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Only my plague thus far I count my gain, That she that makes me sin, rewards my pain.
Love is my sin, and my dear virtue, hate;
Hate of sin, grounded on a sinful loving :
O! but with mine, compare thou thine own state,
And thou shalt find it merits not reproving:
Or if it do, not from those lips of thine,
That have profand their scarlet ornaments,
And seal'd false bonds of love as oft as mine,
Robb'd others beds' revenues of their rents.
Be it lawful, I love thee, as thou lov'st those,
Whom thine eyes woo, as mine importune thee;
Root pity in thy heart, that when it grows,
Thy pity may deserve to pity be,
If thou dost seek to have what thou dost hide
By self-example may'st thou be deny'd !
LO! as a careful housewife runs to catch
One of her feather'd creatures broke away;
Sets down her babe, and makes all swift dispatch,
In pursuit of the thing she would have stay:
Whilst her neglected child holds her in chase,
Cries to catch her, whose busy care is bent
To follow that which flies before her face;
Not prizing her poor infant's diso ntent.
So run'st thou after that which flies from thee,
Whilst I thy babe chase thee afar behind;
But if thou catch thy hope, turn back to me,
And play the mother's part, kiss me, be kind.
So will I pray, that thou may'st have thy Will,
If thou turn back, and my loud crying still.
Those lips that love's own hand did make,
Breath'd forth the sound that said, I hate,
To me that languish'd for her sake:
But when she saw my woful state,
Strait in her heart did mercy come;
Chiding that tongue, that, ever sweet,
Was us’d in giving gentle doom,
And taught it thus a-new to greet:
I hate, she alter'd with an end
That follow'd it, as gentle day
Doth follow night, who like a fiend
From heaven to hell is flown away.
I hate, from hate away she threw,
And sav'd my life, saying not you.
A CONSIDERATION OF DEATH-IMMODERATE PASSION.
A CONSIDERATION OF DEATH.
POOR soul! the center of my sinful earth,
My sinful earth, these rebel powers that thee array,
Why dost thou pine within and suffer dearth,
Painting thy outward walls in costly clay?
Why so large cost, having so short a lease,
Dost thou upon thy faded mansion spend ?
Shall worms, inheritors of this excess,
Eat up thy charge? Is this thy body's end ?
Then, soul, live thou upon thy servant's loss,
And let that pine to aggravate thy store;
Buy terms divine in selling hours of dross;
Within be fed, without be rich no more.
So shalt thou feed on death, that feeds on men,
And death once dead, there's no more dying then.
MY love is as a ferer, longing still
For that which longer nurseth the disease ;
Feeding on that which doth preserve the ill,
Th' uncertain sickly appetite to please.
My reason, the physician to my love,
Angry that his prescriptions are not kept,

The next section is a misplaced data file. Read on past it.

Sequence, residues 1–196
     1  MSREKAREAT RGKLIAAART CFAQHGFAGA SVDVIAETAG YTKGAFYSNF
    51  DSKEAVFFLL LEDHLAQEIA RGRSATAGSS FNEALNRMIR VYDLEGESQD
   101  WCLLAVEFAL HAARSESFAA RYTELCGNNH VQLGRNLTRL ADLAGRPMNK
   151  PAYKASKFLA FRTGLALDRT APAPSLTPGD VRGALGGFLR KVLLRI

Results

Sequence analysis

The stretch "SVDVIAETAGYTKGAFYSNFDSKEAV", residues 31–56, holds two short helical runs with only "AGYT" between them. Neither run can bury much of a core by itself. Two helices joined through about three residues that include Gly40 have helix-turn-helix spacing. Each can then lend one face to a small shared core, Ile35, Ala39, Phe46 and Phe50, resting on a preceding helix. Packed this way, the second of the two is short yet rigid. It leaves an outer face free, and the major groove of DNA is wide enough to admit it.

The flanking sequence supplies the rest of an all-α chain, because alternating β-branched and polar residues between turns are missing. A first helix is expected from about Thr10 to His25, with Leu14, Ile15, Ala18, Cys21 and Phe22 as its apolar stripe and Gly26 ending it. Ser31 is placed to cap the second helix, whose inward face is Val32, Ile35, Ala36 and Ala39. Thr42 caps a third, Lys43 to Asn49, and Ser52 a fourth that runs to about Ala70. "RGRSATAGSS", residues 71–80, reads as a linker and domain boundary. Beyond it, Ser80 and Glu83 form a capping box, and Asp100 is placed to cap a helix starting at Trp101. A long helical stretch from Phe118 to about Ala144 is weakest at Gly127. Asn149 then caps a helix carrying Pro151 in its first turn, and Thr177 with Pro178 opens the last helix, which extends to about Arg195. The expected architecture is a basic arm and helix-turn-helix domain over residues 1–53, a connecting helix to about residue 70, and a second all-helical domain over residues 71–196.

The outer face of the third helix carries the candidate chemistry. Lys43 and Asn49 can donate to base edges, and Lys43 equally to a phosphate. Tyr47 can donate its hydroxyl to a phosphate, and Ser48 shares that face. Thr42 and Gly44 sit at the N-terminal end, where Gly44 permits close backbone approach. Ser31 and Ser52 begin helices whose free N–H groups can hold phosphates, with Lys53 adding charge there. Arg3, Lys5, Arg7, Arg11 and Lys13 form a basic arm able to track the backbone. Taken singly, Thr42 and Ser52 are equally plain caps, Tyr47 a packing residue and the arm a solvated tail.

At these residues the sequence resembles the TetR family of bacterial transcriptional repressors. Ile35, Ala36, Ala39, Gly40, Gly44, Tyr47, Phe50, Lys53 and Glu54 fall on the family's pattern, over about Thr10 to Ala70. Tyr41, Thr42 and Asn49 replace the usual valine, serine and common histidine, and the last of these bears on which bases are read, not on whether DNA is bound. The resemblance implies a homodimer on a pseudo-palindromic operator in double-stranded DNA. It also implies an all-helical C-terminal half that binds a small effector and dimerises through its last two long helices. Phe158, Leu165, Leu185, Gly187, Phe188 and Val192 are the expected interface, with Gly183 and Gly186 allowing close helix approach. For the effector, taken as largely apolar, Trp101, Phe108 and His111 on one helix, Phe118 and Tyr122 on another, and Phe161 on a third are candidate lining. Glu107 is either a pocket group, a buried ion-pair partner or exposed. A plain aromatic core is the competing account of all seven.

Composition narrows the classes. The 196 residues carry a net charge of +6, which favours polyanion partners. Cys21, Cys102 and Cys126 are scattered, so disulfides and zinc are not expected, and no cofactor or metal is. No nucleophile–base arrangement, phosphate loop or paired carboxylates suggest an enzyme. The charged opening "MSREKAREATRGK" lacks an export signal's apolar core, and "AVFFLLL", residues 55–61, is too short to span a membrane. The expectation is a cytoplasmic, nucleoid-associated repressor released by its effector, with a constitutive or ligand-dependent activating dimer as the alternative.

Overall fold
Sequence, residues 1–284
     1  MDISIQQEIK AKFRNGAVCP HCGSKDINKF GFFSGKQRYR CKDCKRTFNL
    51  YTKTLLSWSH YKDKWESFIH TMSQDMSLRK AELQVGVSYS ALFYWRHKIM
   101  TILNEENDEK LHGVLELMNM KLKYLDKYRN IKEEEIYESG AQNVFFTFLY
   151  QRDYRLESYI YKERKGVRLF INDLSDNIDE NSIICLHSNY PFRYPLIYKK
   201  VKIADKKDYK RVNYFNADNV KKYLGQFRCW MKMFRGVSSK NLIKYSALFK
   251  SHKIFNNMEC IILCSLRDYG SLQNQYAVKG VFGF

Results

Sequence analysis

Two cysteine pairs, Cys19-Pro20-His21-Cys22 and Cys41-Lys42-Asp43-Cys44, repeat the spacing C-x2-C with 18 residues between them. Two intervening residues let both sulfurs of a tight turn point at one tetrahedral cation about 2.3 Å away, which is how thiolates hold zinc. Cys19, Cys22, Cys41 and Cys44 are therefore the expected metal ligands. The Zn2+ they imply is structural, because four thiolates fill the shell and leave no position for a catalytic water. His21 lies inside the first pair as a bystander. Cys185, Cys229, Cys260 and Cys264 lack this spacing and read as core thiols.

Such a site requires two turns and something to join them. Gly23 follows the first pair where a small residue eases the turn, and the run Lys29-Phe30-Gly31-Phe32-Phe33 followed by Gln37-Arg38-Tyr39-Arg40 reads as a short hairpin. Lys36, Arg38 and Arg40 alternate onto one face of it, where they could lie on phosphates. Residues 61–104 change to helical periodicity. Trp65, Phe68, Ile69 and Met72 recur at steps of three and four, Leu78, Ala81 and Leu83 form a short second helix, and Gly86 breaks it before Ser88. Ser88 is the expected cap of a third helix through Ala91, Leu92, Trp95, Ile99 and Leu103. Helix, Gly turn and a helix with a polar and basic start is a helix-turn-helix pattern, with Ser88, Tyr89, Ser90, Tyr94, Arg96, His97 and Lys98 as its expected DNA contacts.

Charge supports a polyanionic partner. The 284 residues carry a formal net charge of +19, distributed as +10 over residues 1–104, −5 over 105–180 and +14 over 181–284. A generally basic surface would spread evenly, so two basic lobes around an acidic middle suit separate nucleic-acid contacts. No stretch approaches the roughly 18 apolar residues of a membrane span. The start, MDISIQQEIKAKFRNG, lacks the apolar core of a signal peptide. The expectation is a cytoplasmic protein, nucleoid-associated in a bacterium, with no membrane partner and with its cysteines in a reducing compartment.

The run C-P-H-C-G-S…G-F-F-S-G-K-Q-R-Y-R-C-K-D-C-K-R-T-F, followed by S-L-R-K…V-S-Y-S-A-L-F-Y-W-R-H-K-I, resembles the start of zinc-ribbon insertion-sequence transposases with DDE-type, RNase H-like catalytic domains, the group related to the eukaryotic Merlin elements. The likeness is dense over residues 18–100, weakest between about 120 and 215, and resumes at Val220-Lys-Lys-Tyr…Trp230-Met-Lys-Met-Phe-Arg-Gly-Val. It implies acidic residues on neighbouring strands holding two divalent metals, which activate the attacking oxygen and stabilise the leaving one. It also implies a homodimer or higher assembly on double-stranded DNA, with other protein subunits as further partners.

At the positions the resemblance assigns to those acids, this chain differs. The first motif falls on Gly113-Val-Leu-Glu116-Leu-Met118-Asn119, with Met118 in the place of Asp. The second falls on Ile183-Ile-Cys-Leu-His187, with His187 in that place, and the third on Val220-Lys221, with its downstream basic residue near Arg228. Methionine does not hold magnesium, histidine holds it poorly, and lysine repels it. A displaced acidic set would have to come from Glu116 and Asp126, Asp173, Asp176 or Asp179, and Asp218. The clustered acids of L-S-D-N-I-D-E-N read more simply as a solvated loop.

Hath left me, and I desperate now approve;
Desire is death, why physic did accept.
Love's POWERFUL SUBTLETY.
Past cure I am, now reason is past cure;
And frantic mad with everinore unrest,
My thoughts and my discourse as madinen’s are,
At random from the truth vainly express'd.
For I have sworn thee fair, and thought thee bright,
Who art as black as hell, as dark as night.
LOVE'S POWERFUL SUBTLETY.
O ME! what eyes hath love put in my head,
Which have no correspondence with true sight!
Or if they have, where is my judgment fed,
Thạt censures falsely what they see aright?
If that be fair whereon my false eyes doat,
What means the world to say it is not so !
If it be not, then love doth well denote
Love's eye is not so true as all men's, No.
How can it ? O how can love's eye be true,
That is so vex'd with watching and with tears?
No marvel then, tho' I mistake my view;
The sun itself sees not, till Heaven clears.
0! Cunning love ! with tears thou keep'st me blind, Lest eyes well-seeing thy foul faults should find.
Can'st thou, O cruel ! say I love thee not?
When I against myself with thee partake?
Do I not think on thee, when I forgot
All of myself, all tyrant for thy sake?
LOVE'S POWERFUL SUBTLETY.
Who hatest thou, that I do call my friend?
On whom frown'st thou that I do fawn upon ?
Nay, if thou low'rst on me, do I not spend
Revenge upon myself with present moan?
What merit do I in myself respect,
That is so proud thy service to despise ;
When all my best doth worship thy defect,
Commanded by the motion of thine eyes !
But love, hate on; for now I know thy mind,
Those that can see, thou lov'st, and I am blind.
Oh! from what power hast thou this powerful might,
With insufficiency my heart to sway;
To make me give the lie to my true sight,
And swear that brightness doth not grace the day?
Whence bast thou this becoming of things ill,
That in the very refuse of thy deeds,
There is such strength and warrantise of skill,
That in my mind thy worst all best exceeds ?
Who taught thee how to make me love thee more,
The more I hear and see just cause of hate?
Oh! tho' I love what others do abhor,
With others thou should'st not abhor
my If thy unworthiness rais'd love in me, More worthy I to be belord of thee.